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"In her mixed media collages, Gunlock explores the restless intersection of nature and the built environment. 


She depicts trees with rugged branches and burly roots wrangling with residential facades, windows, gates and other architectural features. Gunlock captures a fleeting moment in this struggle, one in which nature and architecture seem to co-exist in a colorful equilibrium, if only for a moment. Gunlock alludes to historical patterns of overshoot, which are marked by excessive demand for natural resources, followed by eras of human decline and the slow recovery of forests and ecosystems. But in these works, Gunlock offers a vision of a hopeful future in which the built environment is woven sustainably into the natural world."


-Al Grumet of Art Works for Change

Artist Statement

My work demonstrates a fascination with the collision of the natural and built environments, and it brings attention to Western civilization’s attempts to dominate and manipulate nature. By incorporating photo-collage with decorative papers and colored pencil onto rag paper or panel, I construct landscapes that refer to marking the wild landscape with infrastructure such as mines, oil wells, cell phone towers disguised as trees, and buildings for habitation. The work is a commentary on humanity’s direct impact on the environment, as well as Earth’s interminable shapeshifting over the long history of its existence.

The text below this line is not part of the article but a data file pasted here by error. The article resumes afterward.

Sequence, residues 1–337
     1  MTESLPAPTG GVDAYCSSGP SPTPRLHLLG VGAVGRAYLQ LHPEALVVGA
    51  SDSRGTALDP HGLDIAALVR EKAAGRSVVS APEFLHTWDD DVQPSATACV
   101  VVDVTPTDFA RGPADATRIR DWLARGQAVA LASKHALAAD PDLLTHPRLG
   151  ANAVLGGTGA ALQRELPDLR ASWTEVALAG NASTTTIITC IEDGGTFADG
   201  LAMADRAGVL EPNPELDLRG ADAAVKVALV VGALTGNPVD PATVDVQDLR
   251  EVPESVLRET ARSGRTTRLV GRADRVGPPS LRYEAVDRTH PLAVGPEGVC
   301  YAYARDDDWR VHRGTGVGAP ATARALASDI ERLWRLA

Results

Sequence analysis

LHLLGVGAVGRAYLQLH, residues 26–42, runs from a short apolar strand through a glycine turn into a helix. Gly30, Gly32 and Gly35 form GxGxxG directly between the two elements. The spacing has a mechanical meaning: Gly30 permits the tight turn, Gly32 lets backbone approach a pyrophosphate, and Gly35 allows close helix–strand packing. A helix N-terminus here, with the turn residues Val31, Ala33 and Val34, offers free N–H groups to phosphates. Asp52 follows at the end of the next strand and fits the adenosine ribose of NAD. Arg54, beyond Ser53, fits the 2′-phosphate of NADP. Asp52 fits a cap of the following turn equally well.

The compositions’ imagery are derived from photographs that I take on my travels. The experience of the places I’ve visited in these photos and what I have learned about the locations’ histories, mythologies, or current ecological issues influence my compositions. For example, much of the work I’ve made in the past decade was influenced by deserted mines in the California desert, wildfires, and unending urban sprawl and its effects on my local wildland. Immersion in a location and the study of it adds thematic content to my work as a whole and contributes to its evolution and maturation. 


My intention in my practice is to compel people to take a more mindful look at how they regard the natural world. In a society that is obsessed with ownership, dominion, and essentially dismissal, the work I do encourages people to bring more intimate and respectful attention to the land, plants and animals around them.


Based in Los Angeles, Gunlock has received an MFA at California State University, Long Beach in 2003. A 2022 recipient of the Pollock-Krasner Foundation grant, she has exhibited nationally and in local venues such as Sturt Haaga Gallery at Descanso Gardens, Los Angeles Municipal Art Gallery, Launch LA, and Angels Gate Cultural Center. She has been Artist in Residence at the Joshua Tree Center for Photography in Joshua Tree, California; Cill Rialaig Project in County Kerry, Ireland; Playa in Summer Lake, Oregon; and Brush Creek Foundation for the Arts in Saratoga, Wyoming; among others.


In 2014-15 Gunlock participated in “Fires of Change,” an NEA-funded collaboration between artists and scientists, to translate the social and ecological issues surrounding wildfire in the Southwest. Following a fire science bootcamp in the Grand Canyon, and a year to complete a project, a group exhibition opened at Coconino Center for the Arts in Flagstaff, Arizona in September 2015 and traveled to the University of Arizona Museum of Art in Tucson and 516 Arts in Albuquerque, New Mexico.

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